Scottish author Robert Louis Stevenson’s novel The Master of Ballantrae: A Winter's Tale
examines the conflict between two brothers, Scottish noblemen whose family is torn apart by the Jacobite rising of 1745.
The novel opens in the year 1745 and is presented as the memoir of Ephraim Mackellar, steward of the Durrisdeer estate in Scotland. After Bonnie Prince Charles raises the banner of the Stuarts, the Durie family devises a strategy: James Durie, the Master of Ballantrae, will join the uprising, and the younger Henry Durie will side with the loyalists. The uprising is a failure, and the Master is reported dead, making Henry heir to the estate. At the insistence of their father, the Laird, the late Master's fiancée marries Henry to repair the Durie fortunes. The years go by, and Henry is looked down upon by the townspeople for betraying the uprising. His family treats him with complete indifference since his wife and his father both spend their time mourning the Master.
In April 1749, Colonel Francis Burke arrives, bringing with him letters from the Master, who is still alive and living in France. At this point, the narrator weaves another storyline into the narrative, the memoir of Colonel Burke, from which Mackellar extracts the sections that deal with the Master. From Burke's memoir, it appears that the Master was attached to the Prince solely for the chance of money and high station, and would tell the Prince whatever he wanted to hear in order to appease him. When it looked like the Rising was sure to fail, the Master abandoned it, sailing to France with Burke, refusing to wait in case they might be able to rescue the Prince. However, the ship, old and unseaworthy, was commanded by an incompetent captain. After seven days of being lost in bad weather, pirates captured the ship. The pirate captain, who called himself Teach, took both Burke and the Master aboard to join his pirate crew, before having the rest of the ship's company killed.
The Master eventually succeeded in overthrowing Teach, effectively becoming the new captain. He proved to be brutal and ruthless, seizing several ships and slaughtering all their crews to prevent them from identifying him. Eventually, he steers the ship to the coast of North Carolina, where he abandons it and its crew, escaping with Burke and two confederates, carrying all the ship's treasure between them. In the course of their escape, the Master treacherously kills one of the confederates and leaves another to die. Burke and the Master board a merchant ship en route to Albany. Then they strike out across land for Canada, where they hope to find sanctuary among the French, who supported the Rising. They take along a guide, an Indian trader named Chew, but he dies of a fever and the pair becomes hopelessly lost.
After learning of his brother’s ventures, Henry decides not to inform his parents. Instead, he continues to support his brother’s mistress and to send money to the Master himself. The Master accuses Henry of trying to steal his inheritance and insists that he send all of the money directly to him. This perplexes Henry’s family, but he does not tell them what he is doing with the money. By July 1756, the Master has gotten himself into some trouble and is imprisoned in France. He informs his brother of his plans to make an escape to India, telling him that he will need money to do so, but Henry replies that the estate has been used up.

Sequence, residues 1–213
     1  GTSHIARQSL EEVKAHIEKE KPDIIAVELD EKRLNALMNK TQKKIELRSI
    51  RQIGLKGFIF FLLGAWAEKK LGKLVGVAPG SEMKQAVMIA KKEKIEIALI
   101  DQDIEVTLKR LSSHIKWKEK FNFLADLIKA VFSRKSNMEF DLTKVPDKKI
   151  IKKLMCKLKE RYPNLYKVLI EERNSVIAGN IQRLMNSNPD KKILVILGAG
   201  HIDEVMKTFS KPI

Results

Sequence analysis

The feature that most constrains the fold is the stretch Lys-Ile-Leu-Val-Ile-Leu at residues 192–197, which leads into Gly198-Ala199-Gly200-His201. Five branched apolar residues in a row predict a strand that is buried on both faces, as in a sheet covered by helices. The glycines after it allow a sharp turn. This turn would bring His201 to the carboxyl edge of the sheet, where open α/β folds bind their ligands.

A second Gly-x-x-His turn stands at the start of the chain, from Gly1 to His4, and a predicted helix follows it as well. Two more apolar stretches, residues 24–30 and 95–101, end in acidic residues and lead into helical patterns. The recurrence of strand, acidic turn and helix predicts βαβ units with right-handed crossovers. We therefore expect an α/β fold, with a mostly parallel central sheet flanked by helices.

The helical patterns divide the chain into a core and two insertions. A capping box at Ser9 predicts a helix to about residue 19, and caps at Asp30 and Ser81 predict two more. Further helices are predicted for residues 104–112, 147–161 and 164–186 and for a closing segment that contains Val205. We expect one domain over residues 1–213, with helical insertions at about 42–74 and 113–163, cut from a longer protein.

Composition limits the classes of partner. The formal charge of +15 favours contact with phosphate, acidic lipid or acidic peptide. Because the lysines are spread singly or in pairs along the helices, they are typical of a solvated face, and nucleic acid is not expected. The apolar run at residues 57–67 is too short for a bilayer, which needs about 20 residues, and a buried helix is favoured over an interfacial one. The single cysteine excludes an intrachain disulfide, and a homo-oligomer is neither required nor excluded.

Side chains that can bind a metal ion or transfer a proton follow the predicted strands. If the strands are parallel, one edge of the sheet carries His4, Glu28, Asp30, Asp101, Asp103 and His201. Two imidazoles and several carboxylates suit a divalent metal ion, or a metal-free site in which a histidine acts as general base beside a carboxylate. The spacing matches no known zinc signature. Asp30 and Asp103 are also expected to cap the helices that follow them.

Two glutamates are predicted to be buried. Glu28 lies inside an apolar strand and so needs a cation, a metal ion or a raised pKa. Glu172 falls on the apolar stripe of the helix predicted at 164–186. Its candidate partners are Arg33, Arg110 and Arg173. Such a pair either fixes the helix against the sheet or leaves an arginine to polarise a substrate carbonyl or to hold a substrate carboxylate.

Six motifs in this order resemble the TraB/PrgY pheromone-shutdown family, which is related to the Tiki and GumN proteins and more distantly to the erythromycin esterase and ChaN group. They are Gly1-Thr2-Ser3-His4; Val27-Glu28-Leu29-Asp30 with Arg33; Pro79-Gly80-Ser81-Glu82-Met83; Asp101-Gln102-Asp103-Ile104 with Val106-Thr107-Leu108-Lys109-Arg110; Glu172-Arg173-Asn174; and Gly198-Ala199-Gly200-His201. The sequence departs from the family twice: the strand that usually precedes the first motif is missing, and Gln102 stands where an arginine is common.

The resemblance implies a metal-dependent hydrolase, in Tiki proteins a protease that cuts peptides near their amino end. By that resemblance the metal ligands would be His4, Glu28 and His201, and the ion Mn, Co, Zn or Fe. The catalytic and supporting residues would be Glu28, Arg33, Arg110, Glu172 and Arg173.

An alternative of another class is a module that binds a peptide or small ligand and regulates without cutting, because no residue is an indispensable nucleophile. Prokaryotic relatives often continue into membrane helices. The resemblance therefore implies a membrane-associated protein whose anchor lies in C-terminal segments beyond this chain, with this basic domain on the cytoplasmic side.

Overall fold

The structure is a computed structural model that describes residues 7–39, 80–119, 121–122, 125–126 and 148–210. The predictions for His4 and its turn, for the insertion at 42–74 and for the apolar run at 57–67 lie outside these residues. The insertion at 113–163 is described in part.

In November 1756, the Master returns to Durrisdeer, calling himself Mr. Bally. He meets Henry on the road to the house and ominously says that he has chosen his fate by not agreeing to the Master's plan to go to India. His father and his brother's wife, who was once his own fiancée are overjoyed at his return, after not having seen him for eleven years. In a deliberate manipulation, the Master succeeds in turning the family against Henry, always putting him in the wrong and cruelly insulting him, while making it seem as though Henry is insulting the Master. In private, the Master taunts Henry by pointing out that their father does not love him, that Henry's daughter prefers the Master's company and that, despite the Master's falseness and crimes, he is everyone's favorite.
Eventually, the tension rises to a climax, and the brothers resort to a duel with swords. Henry runs the Master through and he falls to the ground, seemingly dead. The Master miraculously survives the sword wound and, with the money extorted from his father, goes to India to make his fortune.
Henry takes his wife and children and leaves Scotland for New York, where Mrs. Durie has a family estate. Soon after, the Master discovers the family’s whereabouts and sets sail for New York, with Mackellar in swift pursuit, hoping to warn Henry of his brother’s arrival. When the Master arrives in town, he once again tries to turn people against Henry. He requests that his brother provide him the money so that he may set out to retrieve buried pirate treasure, but Henry refuses. Instead, he secretly arranges with a smuggler to gather a crew to present themselves to the Master as being willing to set out with him to find the buried treasure. Their real purpose, unknown to the Master, will be to murder him and steal the treasure. In the end, both brothers die and Mackellar buries the two of them under the same stone.